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EHR Integration Among Top Health IT Infrastructure Priorities

Integrating advancing health IT tools with EHRs can be a challenge, but it helps organizations take full advantage of real-time communication for better patient experience.

ehr integration

Source: Thinkstock

By Elizabeth O'Dowd

- The foundational technologies that make up health IT infrastructure are critical to supporting telehealth, patient engagement, population health management, and value-based care.

According CHIME’s Healthcare’s Most Wired: National Trends 2018 report, the ever growing need to improve healthcare depends on foundational infrastructure technology including integration and interoperability.

“Before provider organizations can achieve outcomes with their strategies for population health management, value-based care, patient engagement, and telehealth, they must first ensure that foundational pieces such as integration, interoperability, security, and disaster recovery are in place,” said the report.

The increasing complexity of introducing new digital tools into a health IT infrastructure makes interoperability and integration a critical priority for provider organization. Disparate IT systems can have trouble communicating which prevents these tools from exchanging the data they need to be effective.

“Beyond improving patient care, interoperability can also help provider organizations achieve outcomes like increased operational and workflow efficiencies,” said report authors. “By investing in robust infrastructures that can support and facilitate communication in the complex healthcare environment, organizations can make better data-driven decisions and achieve greater outcomes.”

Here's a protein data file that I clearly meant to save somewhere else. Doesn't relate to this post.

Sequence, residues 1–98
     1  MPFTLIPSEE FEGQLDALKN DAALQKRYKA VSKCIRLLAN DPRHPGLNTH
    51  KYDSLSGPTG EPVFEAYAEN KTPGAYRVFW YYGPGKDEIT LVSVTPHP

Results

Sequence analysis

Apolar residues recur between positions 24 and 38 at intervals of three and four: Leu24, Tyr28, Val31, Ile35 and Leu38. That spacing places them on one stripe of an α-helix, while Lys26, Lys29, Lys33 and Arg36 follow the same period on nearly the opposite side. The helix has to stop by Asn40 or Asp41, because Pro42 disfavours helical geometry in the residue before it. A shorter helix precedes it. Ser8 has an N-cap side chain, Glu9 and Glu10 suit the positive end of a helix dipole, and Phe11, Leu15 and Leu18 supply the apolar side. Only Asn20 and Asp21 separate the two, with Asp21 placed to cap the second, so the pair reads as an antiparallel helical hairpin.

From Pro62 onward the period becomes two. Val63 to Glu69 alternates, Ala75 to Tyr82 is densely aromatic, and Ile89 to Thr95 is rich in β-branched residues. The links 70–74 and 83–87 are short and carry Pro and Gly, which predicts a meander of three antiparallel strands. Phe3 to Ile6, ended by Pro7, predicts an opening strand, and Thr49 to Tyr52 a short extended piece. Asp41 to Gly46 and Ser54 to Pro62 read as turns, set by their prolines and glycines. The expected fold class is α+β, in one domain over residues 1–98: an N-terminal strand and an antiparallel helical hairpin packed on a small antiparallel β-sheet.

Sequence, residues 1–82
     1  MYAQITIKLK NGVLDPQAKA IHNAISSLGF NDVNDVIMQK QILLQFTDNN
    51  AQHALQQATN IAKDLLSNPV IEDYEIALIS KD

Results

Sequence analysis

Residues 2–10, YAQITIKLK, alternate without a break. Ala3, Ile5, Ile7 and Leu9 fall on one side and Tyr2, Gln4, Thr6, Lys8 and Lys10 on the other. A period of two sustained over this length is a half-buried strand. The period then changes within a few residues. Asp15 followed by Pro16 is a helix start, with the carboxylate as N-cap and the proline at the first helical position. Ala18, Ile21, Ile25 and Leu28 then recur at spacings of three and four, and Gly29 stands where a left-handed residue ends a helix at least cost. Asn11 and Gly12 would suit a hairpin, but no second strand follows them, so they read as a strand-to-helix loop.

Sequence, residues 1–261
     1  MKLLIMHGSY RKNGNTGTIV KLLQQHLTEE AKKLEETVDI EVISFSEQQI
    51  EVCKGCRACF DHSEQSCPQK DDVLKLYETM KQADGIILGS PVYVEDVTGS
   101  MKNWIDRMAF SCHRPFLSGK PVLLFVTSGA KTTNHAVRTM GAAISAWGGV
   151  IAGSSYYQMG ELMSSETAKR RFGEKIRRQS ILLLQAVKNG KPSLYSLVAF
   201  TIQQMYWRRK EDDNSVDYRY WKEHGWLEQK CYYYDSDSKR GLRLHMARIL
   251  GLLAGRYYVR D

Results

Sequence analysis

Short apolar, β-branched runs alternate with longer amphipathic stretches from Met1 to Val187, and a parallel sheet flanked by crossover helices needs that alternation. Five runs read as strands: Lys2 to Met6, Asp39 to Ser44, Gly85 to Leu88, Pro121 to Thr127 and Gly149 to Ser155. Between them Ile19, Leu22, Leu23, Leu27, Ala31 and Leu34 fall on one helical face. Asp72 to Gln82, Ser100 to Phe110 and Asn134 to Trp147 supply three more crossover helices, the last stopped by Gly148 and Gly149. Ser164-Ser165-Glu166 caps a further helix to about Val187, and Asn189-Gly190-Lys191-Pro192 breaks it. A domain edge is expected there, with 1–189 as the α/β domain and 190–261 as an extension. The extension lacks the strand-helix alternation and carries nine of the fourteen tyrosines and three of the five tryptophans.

The end goal of introducing new technologies into a health IT infrastructure ecosystem is to streamline workflow and give clinicians fast acting tools that don’t need as much human attention. This lets them focus on the patient while still taking advantage of the latest technology.

According to the report, this end goal most organizations have adopted clinical application suites and remote published applications.

“Nearly all participating organizations report that at least 95 percent of their clinicians regularly access clinical information electronically,” the report explained. “This includes medical history, nurse notes, order sets, care plans, diagnostic study results, operative reports, medication reconciliation, discharge instructions, care plans, and clinical summaries.”

“Similarly, almost all physicians can electronically access their organization’s EHR, CPOE, clinical guidelines, medical images, and evidence references while in the hospital or clinic,” report authors continued. “However, only about half of physicians can access these same resources via mobile applications. Adoption of secure messaging also lags behind other remote access functions; both represent opportunities for the industry to advance the current communication infrastructure.”

Integrating medical programs and devices like patient-monitoring tools with EHRs is one of the most critical integration steps. The report found that most organizations send blood glucose, bedside blood pressure, bedside pulse oximetry, and EKG data directly to their EHR.

However, there are still significant gaps in the integration between EHRs and patient monitoring equipment.

“Only 25 percent of participating organizations send data from their IV pumps directly to their EHR, and only 10 percent send data directly from in-bed scales,” said the report. “Furthermore, when tracking hospital-acquired infections, 59 percent integrate this data with their EHR, 33 percent store the data electronically, and 8 percent use manual processes.”

Many organizations also integrate clinical surveillance systems with their EHRs which can help clinicians identify life threatening conditions quickly. Integrating these systems with EHRs can provide real-time communication between the patient and critical care units.

“Meaningful use certification has helped facilitate CCD exchange,” said the report. “Ninety-four percent of participating organizations can consume data in some form from a CCD, and 97 percent can contribute to a CCD. Most of the organizations who report that their EHR can consume discrete data are receiving the data from external hospitals and physician practices. Exchange of discrete data with home health and skilled nursing facilities is lagging.”

Integrating advanced patient monitoring and other tools with EHRs is becoming more critical as organizations continue to expand their health IT infrastructure. Considering what needs to be integrated and developing a strategy around that can help organizations make better use of their tools.


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